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“What should happen before asymptomatic men decide whether or not to have a PSA test?” A report on three community juries

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Prostate-specific antigen (PSA) testing of asymptomatic men remains controversial.1 Testing may improve prostate cancer survival rates,2 but can also lead to harms, such as repeated investigations and the unwanted effects of treatments, including incontinence and impotence.35 Evidence regarding benefits and harms alone has not resolved tensions over PSA testing.6 Disagreement among experts and in guidelines has confused public communication in Australia and internationally.7,8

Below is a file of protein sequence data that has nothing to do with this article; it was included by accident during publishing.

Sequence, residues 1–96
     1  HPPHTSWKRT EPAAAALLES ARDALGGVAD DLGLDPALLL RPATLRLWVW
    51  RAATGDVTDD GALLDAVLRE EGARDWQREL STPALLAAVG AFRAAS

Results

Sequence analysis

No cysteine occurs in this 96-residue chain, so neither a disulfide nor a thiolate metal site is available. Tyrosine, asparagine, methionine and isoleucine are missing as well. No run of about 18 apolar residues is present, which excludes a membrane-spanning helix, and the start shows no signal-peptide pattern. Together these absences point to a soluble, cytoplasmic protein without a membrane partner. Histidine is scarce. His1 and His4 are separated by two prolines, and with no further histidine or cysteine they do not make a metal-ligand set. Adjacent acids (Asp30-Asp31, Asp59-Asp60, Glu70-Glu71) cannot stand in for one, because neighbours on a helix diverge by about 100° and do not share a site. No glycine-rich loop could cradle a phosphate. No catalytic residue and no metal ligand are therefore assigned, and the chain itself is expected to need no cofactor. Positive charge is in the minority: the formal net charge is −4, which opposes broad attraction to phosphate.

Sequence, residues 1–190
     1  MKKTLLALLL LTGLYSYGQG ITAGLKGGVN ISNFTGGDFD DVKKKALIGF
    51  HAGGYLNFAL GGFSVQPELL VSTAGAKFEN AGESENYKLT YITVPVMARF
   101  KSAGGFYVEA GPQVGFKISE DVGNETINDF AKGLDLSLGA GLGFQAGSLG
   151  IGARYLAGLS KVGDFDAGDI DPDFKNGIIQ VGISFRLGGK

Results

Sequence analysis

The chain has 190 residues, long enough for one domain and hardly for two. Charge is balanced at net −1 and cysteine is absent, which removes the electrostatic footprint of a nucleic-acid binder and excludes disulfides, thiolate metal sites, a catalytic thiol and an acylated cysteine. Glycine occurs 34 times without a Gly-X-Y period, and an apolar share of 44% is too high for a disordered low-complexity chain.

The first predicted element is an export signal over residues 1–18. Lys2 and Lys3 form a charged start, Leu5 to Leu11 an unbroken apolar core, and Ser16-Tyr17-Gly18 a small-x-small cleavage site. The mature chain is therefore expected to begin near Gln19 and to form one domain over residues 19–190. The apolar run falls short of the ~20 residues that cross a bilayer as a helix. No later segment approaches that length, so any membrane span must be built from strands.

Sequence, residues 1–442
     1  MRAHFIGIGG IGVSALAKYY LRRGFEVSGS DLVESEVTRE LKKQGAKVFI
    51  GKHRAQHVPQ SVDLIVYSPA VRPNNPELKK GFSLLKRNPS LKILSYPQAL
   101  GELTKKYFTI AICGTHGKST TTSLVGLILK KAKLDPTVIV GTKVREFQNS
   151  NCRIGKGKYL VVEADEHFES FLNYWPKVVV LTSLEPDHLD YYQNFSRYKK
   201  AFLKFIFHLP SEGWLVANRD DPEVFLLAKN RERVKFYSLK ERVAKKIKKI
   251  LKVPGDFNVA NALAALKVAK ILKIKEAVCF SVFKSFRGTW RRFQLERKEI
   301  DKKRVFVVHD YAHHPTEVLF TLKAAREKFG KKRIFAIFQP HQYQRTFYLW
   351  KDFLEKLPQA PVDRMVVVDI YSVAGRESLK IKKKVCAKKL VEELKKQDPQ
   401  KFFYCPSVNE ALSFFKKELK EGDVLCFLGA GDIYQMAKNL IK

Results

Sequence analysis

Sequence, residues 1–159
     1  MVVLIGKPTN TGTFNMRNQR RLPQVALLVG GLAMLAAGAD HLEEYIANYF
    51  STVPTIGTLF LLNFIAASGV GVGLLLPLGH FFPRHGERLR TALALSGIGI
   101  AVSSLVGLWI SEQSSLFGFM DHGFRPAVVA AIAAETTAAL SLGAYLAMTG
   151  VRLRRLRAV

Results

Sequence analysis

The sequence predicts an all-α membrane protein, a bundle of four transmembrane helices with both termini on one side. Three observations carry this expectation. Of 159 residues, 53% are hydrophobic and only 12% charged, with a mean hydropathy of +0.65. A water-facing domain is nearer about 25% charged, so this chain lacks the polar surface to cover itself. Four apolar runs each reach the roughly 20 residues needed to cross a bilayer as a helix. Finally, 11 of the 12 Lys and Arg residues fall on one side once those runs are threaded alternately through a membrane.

In December 2014, the Prostate Cancer Foundation of Australia (PCFA) and the Cancer Council Australia (CCA) released clinical consensus guidelines for general practitioners for public comment,9 after the National Health and Medical Research Council (NHMRC) had published information on the topic for health practitioners.10 These documents established criteria for identifying men more likely to benefit than to be harmed by PSA testing. However, it remains unclear if and when GPs should introduce the subject of PSA testing in consultations with individual men. The Royal Australian College of General Practitioners (RACGP) advises GPs not…